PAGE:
The Enduring Memory of the 8th Grade Field Trip
The first travel experiences that shaped us—for better or for worse.
Sometimes, when you least expect it, memories of middle school field trips come creeping in, not because of things learned, but rather, trauma experienced. I, for one, will never forget my fifth grade field trip to Baltimore. After a day of touring the ship that fought at Pearl Harbor and petting some stingrays at the National Aquarium, the chaperone moms thought it a good idea to take us—a dozen 12-year-olds from suburban New Jersey—to a nearby Hooters for lunch.
It’s true what they say: The air in the mornings of field trips did, indeed, hit different. For many of us, middle school field trips were our first taste of independent travel. Some of us laid out outfits the night before, our excitement stirring, unable to fall asleep. Others spent the week leading up to the trip in sheer agony, stressed about choosing the right seatmate for the bus. As nostalgia-fueled TikToks have revealed, there was something about middle school field trips that simply brought on the drama.
We rounded up the most shocking and hilarious anecdotes from our friends at Vox who have been shaped—for better or for worse—by their own middle school field trips.
“In the sixth grade, our school took us to a makeshift ‘science camp’ in Malibu that obviously taught us nothing about science. Since the counselors had zero scientific knowledge, we would basically just go on 10-mile hikes everyday that would make us sweat vigorously and tire out our tiny middle schooler legs. One day, our counselor (named Dexter) decided to take us to the beach, but in order to get there, we would have to jaywalk across the Pacific Coast Highway, which is notoriously busy all the time. Instead, Dexter had us climb on our HANDS and KNEES through a TINY underground sewer that took us to the beach. I genuinely thought I was going to die and earnestly prayed to God to tell my family I loved them.” – Kelsey Allen, Editorial Assistant, Thrillist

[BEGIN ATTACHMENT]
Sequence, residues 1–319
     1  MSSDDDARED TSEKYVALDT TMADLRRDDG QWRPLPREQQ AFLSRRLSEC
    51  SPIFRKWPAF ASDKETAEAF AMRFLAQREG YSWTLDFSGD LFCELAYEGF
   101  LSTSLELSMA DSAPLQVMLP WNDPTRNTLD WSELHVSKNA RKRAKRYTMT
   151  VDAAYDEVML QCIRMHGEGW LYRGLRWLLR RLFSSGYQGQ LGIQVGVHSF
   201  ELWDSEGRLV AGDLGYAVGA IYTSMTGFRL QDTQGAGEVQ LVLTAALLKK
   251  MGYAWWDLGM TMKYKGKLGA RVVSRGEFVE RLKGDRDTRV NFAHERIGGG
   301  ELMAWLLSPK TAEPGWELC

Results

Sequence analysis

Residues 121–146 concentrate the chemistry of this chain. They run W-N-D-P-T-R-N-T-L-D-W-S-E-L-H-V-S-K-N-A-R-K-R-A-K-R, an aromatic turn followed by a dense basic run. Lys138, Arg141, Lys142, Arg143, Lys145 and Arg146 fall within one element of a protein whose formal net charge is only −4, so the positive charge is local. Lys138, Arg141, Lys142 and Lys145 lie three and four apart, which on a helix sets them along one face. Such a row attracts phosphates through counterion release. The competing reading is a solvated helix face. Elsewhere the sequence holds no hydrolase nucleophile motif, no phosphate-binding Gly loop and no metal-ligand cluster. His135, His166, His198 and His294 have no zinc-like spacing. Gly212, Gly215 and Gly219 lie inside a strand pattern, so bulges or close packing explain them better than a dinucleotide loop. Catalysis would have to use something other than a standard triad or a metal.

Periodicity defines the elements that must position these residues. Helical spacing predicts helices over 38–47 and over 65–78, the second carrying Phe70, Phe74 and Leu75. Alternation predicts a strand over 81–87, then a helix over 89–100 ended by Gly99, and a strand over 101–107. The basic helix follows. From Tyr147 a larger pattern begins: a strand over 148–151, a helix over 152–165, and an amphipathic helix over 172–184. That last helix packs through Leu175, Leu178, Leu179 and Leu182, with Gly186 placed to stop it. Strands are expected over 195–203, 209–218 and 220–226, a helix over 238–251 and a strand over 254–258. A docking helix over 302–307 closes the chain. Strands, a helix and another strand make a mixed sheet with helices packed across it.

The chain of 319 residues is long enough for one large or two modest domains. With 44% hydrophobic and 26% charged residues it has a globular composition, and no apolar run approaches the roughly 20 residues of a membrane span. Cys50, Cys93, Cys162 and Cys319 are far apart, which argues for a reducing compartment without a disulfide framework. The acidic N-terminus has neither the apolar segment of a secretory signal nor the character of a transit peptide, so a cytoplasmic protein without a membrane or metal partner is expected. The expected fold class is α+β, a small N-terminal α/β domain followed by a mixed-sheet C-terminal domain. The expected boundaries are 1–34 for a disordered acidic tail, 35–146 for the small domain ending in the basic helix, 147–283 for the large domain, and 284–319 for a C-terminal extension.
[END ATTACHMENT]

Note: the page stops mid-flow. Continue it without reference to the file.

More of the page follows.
“I definitely remember a bunch of kids running off to dance with the folks from the Hare Krishna movement during our eighth grade trip to DC (I think this was at the National Mall), and then constantly singing their song on the bus for the rest of the trip while the chaperones yelled at them.” – Missy Frederick, Cities Director, Eater
“At my middle school, it was traditional for the entire sixth grade to bike about six miles to Walden Pond as the culmination of a Henry David Thoreau unit. I remember it being a big to-do, with hundreds of teens pedaling the streets toward Concord. The trip was well-chaperoned, but a recipe for chaos nonetheless. A friend of mine lost control of her bike on the steepest hill on the route, hit a tree, and had to be taken to the hospital; middle school gossip indicated that she was air-lifted, but as an adult, I can reasonably assume that an ambulance was the far more likely rescue vehicle. The rest of us made it to the pond and back in one piece (and my friend was okay in the end).” – Kori Perten, Senior Editor, Thrillist
“My very strange, very small school would send the eighth graders on a week-long camping trip to Mexico each year. My year, one of the trip’s ‘activities’ involved dividing us into pairs, blindfolding us, driving us into the desert, and dropping off each pair in a different location. We had to find our way back to town and the rest of our classmates, pool our money to buy dinner ingredients, and somehow figure out a way to cook it. We were given no matches or stoves. We bought cans of beans but had no can opener. It was the late ’90s, so no one had cell phones, let alone smartphones. No waivers or permission slips were signed.” – Mary White, Copy Chief, Vox Media
“My big eighth grade trip was a day trip to Wisconsin Dells. A two-hour drive from my school, this was the farthest I’d ever traveled for any trip without my family at that point in my life, and I was so excited I filled three disposable cameras’ worth of film, mostly on the bus ride there. We rode the famous “duck boats,” explored Ripley’s Believe It or Not!, went mini-golfing, and stopped for Culver’s frozen custard on the drive home. I had never felt so independent before. I’m still chasing that high.” – Joe Erbentraut, Editorial Director, Thrillist
“I don’t remember a ton from my middle school trip to Washington, DC. Though now that I live in the District, I keep having flashbacks. I do recall staying in one of those all-suite hotel chains out in the suburbs, probably an Embassy Suites, which seemed EXTREMELY fancy at the time because it had the word “suite” in it. Other than that, I have a visceral memory of my oldest brother meeting up with us for lunch at some point—he was in law school at Georgetown at the time—and all my female teachers quite literally swooned when he came in and introduced himself. The entire class thought it was so funny and I was so deeply embarrassed. Here I was, all ready to show off my cool big brother to my friends, and damn Mrs. Whats-her-name had to ruin everything with a single bat of an eyelash.” – Meredith Heil, Editorial Director, Thrillist